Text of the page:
And notice what is done with the idea of the bill being £125m a year. We're just given the figure without knowing if we're talking about an average over three years, or if the journalist has just chosen to measure this year - when the total number of eastern Europeans that have claimed benefit at any point is necessarily at its highest - and said the figure is annual. Given that he used something close to the latter tactic before, I think I know which one I'll pick. That'll be the least honest.

Besides that, just last week the paper 'revealed' how 10 million people in the UK are 'economically inactive' - a quarter of the work force. The figures this article shows would mean that less than half of one percent of the Mail's total for eastern Europeans have ever received the type of benefits you get without paying tax, or in other words, for being 'economically inactive'. In fact, using Daily Mail figures, the total percentage of all eastern European benefit claimants, including the ones who work and pay tax - and remember the Mail's total only measures those old enough to work - is around 16%. Less than the percentage of the overall workforce who are not working at all - that's before we even start to wonder about how many of the general population claim child benefit, or tax credits, or whatever.

So, as usual, some of the figures are confected nonsense. Others actually prove that the group the paper is demonising is actually behaving better in Daily Mail terms than the general population. But the figures - despite the attention-grabbing table in the centre of the page - are not really central to the article. The outrage is central. The actual figures are peripheral.

It's inevitable that the total number of eastern Europeans who have ever claimed any benefit since accession will rise. Given that it's only possible to claim certain benefits after having been in the country and working for a certain amount of time - it's even inevitable that these will end up representing a greater percentage of eastern Europeans who have ever applied to the Worker Registration Scheme. I wouldn't be surprised if a stash of these articles were found already pre-written with blanks to insert confected stats into. And the odd quote from David Davis.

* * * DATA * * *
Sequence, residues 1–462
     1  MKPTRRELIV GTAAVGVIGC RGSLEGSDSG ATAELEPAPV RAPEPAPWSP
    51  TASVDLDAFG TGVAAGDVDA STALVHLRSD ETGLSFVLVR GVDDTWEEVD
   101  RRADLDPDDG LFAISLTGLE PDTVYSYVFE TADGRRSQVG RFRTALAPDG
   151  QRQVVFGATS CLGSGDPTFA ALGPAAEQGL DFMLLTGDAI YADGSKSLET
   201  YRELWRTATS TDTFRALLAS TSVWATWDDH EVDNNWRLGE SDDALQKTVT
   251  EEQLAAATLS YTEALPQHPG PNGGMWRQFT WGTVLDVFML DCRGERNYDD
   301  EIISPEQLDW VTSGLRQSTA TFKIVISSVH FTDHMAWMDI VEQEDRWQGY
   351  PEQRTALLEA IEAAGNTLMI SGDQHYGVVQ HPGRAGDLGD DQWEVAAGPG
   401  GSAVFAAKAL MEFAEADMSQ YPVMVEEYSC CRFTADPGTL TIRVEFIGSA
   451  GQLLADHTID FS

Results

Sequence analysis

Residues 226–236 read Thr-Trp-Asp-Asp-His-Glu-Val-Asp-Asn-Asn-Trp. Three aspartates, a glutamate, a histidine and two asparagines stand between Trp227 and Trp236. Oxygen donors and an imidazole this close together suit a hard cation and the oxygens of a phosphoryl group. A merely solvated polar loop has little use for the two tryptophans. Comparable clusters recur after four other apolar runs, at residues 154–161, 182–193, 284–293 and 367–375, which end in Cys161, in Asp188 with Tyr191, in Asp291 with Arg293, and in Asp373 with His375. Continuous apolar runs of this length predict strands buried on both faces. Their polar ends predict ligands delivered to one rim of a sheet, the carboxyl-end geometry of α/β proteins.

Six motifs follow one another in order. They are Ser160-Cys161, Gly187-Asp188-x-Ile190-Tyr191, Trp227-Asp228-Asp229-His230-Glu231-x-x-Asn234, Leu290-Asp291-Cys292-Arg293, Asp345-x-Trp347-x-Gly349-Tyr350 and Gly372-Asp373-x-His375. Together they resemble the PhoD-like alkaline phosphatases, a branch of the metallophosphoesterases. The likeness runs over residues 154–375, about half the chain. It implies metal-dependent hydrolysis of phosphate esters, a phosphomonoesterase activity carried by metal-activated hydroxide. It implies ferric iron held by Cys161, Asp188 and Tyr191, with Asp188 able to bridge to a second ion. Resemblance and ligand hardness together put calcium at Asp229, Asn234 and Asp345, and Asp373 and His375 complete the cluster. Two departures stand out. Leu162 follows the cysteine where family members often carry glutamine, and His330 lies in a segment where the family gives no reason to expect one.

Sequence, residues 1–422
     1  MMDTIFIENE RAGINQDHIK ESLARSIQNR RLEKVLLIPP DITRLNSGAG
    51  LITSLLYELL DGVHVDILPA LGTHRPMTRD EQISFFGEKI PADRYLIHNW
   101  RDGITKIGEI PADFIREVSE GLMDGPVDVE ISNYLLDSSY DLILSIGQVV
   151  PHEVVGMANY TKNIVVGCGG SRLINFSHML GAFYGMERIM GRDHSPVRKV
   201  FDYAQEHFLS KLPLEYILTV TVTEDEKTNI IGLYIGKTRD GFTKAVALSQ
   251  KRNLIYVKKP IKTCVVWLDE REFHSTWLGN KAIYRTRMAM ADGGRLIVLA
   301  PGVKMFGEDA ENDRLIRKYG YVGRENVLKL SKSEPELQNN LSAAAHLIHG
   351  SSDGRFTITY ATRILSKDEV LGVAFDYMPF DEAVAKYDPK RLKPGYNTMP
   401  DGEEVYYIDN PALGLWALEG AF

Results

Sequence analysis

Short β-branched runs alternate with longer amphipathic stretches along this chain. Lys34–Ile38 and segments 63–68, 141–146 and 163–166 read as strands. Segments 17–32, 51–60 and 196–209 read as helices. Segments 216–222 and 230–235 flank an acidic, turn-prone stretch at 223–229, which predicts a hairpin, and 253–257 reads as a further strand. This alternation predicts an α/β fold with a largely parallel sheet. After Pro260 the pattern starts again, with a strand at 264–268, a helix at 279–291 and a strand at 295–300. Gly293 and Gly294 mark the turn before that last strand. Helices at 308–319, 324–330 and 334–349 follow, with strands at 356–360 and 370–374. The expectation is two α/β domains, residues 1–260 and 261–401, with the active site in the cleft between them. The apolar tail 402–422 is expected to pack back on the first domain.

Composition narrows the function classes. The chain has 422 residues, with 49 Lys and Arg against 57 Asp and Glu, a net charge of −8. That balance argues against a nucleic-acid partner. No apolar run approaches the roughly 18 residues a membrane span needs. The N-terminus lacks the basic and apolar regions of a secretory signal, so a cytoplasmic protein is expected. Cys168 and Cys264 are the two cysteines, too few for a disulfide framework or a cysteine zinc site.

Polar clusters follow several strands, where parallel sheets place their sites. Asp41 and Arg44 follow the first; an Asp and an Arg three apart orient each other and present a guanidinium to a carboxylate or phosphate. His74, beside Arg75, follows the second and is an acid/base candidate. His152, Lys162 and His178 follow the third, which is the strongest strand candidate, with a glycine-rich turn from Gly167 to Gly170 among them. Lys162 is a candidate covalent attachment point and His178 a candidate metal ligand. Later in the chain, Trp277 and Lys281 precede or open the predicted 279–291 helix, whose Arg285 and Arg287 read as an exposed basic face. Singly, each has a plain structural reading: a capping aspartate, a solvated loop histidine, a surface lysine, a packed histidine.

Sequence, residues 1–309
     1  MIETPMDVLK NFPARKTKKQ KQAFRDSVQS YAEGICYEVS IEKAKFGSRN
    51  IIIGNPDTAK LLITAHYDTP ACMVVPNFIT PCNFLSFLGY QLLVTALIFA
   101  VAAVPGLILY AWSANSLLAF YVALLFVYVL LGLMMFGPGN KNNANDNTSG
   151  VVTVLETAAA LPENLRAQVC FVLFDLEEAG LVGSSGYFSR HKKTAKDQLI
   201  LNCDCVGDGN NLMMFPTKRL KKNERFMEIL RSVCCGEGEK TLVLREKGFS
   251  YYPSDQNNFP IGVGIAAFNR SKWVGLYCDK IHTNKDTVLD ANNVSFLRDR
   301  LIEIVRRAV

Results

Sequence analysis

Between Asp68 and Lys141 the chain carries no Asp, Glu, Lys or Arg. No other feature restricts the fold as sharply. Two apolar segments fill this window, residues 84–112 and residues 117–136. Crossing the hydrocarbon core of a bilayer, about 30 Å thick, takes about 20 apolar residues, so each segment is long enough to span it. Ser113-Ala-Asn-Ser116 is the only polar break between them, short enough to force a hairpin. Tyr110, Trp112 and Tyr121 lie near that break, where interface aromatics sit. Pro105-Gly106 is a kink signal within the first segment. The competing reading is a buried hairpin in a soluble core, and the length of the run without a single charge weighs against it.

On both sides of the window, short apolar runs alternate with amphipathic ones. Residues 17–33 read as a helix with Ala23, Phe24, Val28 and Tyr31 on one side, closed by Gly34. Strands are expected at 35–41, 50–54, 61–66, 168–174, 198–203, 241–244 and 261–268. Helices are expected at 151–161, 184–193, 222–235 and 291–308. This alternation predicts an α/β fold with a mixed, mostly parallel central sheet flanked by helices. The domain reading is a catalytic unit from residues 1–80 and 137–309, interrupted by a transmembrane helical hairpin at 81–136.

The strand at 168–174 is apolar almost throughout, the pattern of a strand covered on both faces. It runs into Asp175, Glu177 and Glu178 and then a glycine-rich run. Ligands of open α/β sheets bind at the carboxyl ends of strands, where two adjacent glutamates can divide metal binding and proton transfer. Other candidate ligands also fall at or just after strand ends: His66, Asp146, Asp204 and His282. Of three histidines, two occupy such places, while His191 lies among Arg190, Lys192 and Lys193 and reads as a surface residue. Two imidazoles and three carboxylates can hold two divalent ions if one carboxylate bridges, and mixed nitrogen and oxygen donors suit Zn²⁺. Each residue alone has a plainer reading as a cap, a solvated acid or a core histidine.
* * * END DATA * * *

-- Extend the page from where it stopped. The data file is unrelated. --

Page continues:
Mind you, I wouldn't be surprised if he had a stock of reactions already generated to send to the tabloids either.

More in 'More figures that don't matter'


septicisle said...

And of course, even if they were taking out £125m in benefits, then they're putting in a hell of a lot more than that in actual tax. Also worth looking at the figures that show how record numbers are actually leaving the UK: http://news.bbc.co.uk/1/hi/uk/6958220.stm

In other words, we're not being flooded by anyone's guess, and MigrationWatch continues to be proved wrong time and time again.

Anonymous said...

It would also be interesting to know as a percentage how many are claiming just child benefit, something I imagine virtually every family with children in the UK claims.